For the first year of his life, John Reichard lived in a house where university students cared for him. They called him "Baby Ned."
Reichard, along with many other babies were part of Iowa State University’s home management course, designed to educate homemakers in family economics and resource management at the college from the 1920s through the 1950s.
While there was some concern that this arrangement was not in the babies' best interest, Reichard disagrees.
"There were 12 mothers for one baby, instead of the other way around," he says. "It's nice to know I was cared for."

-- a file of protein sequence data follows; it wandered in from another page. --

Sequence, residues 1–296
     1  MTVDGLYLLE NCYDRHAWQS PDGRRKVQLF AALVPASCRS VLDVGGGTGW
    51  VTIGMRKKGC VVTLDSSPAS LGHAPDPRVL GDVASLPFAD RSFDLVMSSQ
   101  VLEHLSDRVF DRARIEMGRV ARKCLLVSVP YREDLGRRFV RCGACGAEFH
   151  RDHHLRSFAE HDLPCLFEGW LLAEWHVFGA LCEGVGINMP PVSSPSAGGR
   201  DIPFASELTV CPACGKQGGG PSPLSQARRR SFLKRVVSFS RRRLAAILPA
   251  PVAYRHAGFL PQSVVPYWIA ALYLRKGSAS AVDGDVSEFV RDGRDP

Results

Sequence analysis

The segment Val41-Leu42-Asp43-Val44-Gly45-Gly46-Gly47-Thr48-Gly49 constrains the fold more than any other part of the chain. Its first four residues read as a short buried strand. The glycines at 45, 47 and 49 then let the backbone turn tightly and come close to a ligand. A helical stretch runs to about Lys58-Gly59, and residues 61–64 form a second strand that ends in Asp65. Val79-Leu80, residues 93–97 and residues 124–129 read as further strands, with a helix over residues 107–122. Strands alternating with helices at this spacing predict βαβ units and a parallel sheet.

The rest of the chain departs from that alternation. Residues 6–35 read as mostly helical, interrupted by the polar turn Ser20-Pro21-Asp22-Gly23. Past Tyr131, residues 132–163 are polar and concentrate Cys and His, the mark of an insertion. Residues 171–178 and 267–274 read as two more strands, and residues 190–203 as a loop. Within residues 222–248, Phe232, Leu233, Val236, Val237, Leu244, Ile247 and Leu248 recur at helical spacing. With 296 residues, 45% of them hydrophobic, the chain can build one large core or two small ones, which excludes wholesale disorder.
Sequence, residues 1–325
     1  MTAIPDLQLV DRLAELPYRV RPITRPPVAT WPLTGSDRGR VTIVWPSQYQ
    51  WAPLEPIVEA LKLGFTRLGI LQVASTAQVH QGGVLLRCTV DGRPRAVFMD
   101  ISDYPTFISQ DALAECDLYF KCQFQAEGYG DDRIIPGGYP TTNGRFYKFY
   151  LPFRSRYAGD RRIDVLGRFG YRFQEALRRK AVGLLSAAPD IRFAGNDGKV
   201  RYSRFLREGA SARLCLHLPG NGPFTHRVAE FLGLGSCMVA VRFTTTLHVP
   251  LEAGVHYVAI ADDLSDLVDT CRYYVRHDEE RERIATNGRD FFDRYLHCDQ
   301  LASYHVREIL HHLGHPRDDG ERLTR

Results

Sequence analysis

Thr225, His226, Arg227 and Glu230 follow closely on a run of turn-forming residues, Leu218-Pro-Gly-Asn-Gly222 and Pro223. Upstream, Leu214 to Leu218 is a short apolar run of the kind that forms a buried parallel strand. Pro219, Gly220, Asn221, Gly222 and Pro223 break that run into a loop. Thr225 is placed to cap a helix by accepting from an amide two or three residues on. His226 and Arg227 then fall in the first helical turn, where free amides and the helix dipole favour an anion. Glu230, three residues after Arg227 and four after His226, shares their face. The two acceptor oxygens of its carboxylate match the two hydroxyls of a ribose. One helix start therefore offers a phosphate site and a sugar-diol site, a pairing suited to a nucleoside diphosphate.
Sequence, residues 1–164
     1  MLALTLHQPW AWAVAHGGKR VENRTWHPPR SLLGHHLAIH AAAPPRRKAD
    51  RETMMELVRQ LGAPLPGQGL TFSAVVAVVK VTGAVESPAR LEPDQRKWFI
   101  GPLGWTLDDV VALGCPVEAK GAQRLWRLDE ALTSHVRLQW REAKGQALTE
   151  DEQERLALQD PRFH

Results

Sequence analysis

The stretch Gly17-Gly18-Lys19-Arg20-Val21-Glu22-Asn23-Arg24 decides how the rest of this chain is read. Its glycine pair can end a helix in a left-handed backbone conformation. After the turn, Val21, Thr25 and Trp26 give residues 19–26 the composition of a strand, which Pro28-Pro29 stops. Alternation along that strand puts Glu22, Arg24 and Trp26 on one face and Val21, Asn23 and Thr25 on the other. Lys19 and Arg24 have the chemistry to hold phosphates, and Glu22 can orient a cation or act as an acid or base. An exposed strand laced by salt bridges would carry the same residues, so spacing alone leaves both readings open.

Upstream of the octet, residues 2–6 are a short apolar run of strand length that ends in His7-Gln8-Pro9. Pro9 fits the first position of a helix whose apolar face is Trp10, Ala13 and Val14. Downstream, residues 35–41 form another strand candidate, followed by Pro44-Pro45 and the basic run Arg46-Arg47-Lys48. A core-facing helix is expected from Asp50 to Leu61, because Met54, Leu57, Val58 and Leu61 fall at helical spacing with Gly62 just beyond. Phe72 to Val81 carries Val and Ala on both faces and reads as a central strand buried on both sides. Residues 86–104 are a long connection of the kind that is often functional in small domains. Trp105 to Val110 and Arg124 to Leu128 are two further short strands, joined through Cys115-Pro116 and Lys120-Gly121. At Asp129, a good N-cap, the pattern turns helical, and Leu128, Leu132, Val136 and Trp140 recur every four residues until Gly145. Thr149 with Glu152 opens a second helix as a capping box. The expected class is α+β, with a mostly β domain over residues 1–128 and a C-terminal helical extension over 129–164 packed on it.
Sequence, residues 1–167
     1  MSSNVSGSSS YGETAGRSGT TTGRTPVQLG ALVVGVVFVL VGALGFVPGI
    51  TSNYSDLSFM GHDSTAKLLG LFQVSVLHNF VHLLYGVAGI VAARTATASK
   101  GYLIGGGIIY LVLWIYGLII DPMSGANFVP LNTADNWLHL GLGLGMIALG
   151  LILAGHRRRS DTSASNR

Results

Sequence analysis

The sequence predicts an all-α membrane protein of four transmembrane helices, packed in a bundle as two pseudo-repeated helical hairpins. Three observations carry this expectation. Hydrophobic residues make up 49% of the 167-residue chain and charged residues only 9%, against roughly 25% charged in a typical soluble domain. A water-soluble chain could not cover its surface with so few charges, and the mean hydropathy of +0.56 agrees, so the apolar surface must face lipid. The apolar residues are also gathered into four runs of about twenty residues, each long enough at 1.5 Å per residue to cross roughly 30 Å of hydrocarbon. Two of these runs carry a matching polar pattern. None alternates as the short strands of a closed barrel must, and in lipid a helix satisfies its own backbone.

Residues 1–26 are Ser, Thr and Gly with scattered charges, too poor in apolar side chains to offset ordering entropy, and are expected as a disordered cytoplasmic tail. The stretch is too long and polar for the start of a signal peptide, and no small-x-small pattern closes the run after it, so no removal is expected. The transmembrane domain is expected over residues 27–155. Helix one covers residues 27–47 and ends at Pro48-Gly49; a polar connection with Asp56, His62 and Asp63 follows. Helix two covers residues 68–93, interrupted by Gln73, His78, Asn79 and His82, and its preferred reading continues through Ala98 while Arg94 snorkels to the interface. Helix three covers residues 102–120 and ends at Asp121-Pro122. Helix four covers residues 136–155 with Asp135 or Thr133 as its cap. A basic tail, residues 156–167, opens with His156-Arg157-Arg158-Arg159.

On this edition of Talk of Iowa, host Charity Nebbe talks with Reichard, as well as graduates of the home management program, Mary deBaca and Sandy Uelner. They recount memories of friendship, mishap, and learning. deBaca also talks about the history of the program and what it meant to women at that time.
"This was the first time women had access to higher education," she says. "Women were beginning to see aspects of home economics as career possibilities, as well as being homemakers."
Hear more Talk of Iowa stories weekdays at 10 a.m. CST, on Iowa Public Radio.